Can I Call Myself a Local, Yet?

Every Friday evening, after a long week of work, the girls of 404 plan out the museums that we will visit the following Saturday. I have been told many times, “You have plenty of time to see things. You are there for two months!” However, we cannot visit museums on the weekdays because they close at 5PM. Thus, we are forced to make a game plan to cram it in on Saturdays and Sundays. So far, we have hit every “major” museum, so I am excited to start doing activities that are more known to locals as opposed to tourists.

Having fun in D.C. is very easy to do. There are plenty of restaurants or free events, you just have to keep your eyes peeled for them. The greatest recommendation I have is from my boss. She told me to always look at the Washington Post for their weekly “Going Out Guide.” It will tell you everything you need to know for that week. Then on Thursdays, they post their “Weekend Guide,” which will tell you all about D.C.’s weekend nightlife.

The girls of 404 have a goal—try not to eat anything that we can get in Arizona.

Sometimes that is hard, because food and entertainment can get a bit pricy here in D.C., but talking to residents is a really awesome way to find local eateries. Everywhere we go, we always ask, “where is a great place to eat, that is reasonably priced?” I promise, they do exist! My favorite find is Good Stuff Eatery in Georgetown.

A cool, not typical activity that we do every week is attend a new church every Sunday. The Catholic churches here in D.C. are undeniably prettier than the ones in Arizona. We pick an area, and go to church to see the stained glass, architecture, and experience the culture of that area. My favorite church to attend is St. Augustine, which is only a mile or two from where we are staying in WISH. It is a historically Black Catholic church, and they have a gospel choir unlike one I have ever heard. The community is very welcoming, and I leave there rejuvenated for the week to come. Next Sunday, we are going to go to the Basilica. It is an amazing work of art with a lot of historical background.

Ahhh, the dreaded task of networking…

Last week I talked about how difficult it was for me to network in a room where I did not know a single soul. My advice: suck it up, there are a lot of people in that room who do not know anyone, too. Secondly, find a good conversation starter—look at their nametag and see where they work or who they are. I have found that literally introducing yourself is the best way to get your foot in the door. A little bit of confidence goes a long way.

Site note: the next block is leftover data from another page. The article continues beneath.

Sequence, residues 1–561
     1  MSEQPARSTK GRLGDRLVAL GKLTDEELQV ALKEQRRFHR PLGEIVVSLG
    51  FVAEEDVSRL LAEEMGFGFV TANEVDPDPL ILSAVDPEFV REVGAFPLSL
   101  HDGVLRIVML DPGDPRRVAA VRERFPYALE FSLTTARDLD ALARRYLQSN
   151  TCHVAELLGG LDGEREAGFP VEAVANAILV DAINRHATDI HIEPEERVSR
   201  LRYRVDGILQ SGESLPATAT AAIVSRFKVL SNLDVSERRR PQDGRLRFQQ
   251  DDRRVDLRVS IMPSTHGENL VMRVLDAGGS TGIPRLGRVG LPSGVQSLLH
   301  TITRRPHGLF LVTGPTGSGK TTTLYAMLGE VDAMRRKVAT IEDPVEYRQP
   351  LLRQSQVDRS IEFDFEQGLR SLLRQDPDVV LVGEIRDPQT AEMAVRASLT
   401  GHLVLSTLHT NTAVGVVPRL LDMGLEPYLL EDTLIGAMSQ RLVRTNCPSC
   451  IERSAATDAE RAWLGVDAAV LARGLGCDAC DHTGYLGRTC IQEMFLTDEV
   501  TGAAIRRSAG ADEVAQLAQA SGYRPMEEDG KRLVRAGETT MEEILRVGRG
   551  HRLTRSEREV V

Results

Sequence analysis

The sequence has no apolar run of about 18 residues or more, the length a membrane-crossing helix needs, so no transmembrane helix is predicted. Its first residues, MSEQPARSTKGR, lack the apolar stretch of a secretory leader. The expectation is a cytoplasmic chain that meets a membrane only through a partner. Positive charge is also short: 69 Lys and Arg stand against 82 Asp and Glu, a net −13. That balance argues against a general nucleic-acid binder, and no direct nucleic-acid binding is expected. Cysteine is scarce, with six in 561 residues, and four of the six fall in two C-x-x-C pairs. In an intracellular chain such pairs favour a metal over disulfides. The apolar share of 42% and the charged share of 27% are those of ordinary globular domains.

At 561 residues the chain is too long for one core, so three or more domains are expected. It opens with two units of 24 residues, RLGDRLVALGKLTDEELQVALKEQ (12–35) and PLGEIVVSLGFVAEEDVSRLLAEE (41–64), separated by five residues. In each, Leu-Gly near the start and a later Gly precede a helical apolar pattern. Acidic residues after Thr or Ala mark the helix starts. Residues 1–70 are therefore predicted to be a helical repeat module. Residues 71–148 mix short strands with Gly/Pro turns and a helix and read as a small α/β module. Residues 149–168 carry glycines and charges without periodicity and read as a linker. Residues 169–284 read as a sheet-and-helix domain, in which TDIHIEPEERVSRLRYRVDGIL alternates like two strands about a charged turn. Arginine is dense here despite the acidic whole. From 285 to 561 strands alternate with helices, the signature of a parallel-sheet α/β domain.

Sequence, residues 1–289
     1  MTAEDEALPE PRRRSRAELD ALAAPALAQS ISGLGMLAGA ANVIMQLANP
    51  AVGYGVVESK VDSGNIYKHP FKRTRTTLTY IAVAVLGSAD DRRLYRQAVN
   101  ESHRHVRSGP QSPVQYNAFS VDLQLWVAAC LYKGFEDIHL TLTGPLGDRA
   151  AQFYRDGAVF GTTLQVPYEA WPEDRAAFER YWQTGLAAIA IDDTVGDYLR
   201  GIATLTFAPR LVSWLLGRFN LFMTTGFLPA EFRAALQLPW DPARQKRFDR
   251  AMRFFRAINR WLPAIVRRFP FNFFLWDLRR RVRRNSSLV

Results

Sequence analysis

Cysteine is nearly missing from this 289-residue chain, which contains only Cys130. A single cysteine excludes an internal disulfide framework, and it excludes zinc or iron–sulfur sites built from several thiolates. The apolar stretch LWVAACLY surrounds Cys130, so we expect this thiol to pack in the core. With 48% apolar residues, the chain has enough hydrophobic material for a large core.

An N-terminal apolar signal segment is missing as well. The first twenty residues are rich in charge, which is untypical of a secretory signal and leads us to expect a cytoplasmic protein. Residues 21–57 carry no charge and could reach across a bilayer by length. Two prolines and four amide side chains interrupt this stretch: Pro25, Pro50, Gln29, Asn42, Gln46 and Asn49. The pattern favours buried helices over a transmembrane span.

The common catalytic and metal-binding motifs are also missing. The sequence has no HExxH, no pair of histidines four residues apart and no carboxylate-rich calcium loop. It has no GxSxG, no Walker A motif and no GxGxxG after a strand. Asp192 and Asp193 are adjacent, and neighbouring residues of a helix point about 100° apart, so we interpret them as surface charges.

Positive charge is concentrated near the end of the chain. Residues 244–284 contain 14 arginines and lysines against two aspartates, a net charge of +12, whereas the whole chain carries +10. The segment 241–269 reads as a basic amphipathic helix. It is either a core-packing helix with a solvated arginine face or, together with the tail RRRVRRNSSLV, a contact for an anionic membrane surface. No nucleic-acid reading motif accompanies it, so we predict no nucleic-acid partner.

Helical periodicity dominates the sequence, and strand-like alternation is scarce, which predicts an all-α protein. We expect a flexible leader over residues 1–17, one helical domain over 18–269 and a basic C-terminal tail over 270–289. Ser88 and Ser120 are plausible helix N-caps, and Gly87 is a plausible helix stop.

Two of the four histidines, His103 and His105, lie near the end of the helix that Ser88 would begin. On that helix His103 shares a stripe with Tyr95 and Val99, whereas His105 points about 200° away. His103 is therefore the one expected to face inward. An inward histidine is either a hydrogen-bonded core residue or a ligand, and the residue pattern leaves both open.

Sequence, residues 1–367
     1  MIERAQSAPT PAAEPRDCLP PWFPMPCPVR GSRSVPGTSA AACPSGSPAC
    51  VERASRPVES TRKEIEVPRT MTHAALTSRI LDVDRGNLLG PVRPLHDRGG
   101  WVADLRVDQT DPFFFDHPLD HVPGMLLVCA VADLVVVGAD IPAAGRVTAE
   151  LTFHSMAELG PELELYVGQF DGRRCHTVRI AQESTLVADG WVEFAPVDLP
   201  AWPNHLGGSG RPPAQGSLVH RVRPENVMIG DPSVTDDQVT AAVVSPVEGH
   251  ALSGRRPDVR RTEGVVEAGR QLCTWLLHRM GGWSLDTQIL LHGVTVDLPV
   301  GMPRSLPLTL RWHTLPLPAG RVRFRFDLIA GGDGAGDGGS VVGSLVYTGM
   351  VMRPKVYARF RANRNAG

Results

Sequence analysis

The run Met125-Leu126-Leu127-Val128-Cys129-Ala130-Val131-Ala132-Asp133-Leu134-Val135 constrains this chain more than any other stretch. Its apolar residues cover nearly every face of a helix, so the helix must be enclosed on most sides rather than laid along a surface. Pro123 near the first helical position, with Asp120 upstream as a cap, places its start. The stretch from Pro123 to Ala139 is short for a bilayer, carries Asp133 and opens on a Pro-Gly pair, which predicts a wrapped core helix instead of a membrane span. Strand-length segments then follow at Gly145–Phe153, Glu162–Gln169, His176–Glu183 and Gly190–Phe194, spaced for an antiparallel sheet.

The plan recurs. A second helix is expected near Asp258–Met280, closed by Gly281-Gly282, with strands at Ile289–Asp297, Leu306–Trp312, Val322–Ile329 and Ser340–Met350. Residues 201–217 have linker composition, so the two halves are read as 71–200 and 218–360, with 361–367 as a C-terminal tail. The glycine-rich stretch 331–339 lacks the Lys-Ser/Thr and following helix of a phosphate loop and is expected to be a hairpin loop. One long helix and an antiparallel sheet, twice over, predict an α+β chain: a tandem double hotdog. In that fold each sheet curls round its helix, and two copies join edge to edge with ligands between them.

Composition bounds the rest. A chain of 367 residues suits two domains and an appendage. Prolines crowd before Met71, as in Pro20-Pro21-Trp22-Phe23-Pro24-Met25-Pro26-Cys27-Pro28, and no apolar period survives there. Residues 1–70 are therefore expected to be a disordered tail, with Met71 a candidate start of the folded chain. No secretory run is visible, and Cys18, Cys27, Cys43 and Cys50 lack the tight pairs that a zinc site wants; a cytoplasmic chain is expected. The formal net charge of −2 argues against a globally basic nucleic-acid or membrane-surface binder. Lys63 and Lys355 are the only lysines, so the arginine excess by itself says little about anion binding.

You can simply say, “I have never heard of your organization before, can you tell me a little about what you do?” I have come to find that people in Washington D.C. love to talk about themselves. Generally, they are not shy to tell you what they do and their accomplishments. Remember, that is only to your benefit. When you are in D.C., you will be a sponge, literally soaking up information. Take it as an opportunity to learn.

I like to remind people to actively listen, even if people are a bit pompous in how they present themselves. Regardless, you are walking away with more information that what you had—it is only a benefit to you. Also, take it in, and ask thoughtful questions. That is how I was able to gain a key contact for my lobbying firm without actively trying. Not to mention, that was the very day that I felt awkward being in the room.

Putting yourself out there is the best advice that I can offer anyone.

My biggest take away from this week was a conversation that I had with my boss about the politics war. Our discussion focused mainly on the conflicts in the Middle East. It made me question my views, and I appreciated being challenged on my stance. I learned this week that is “okay” to defend what you believe, even if you are the minority in the room. This week, I also learned much about—what I call—the art form of lobbying. With healthcare and the National Defense Authorization Act in cue to vote, it has been a crazy time. I have had the opportunity to sit in on discussions and conferences calls with top executives, and it has been an amazing experience.

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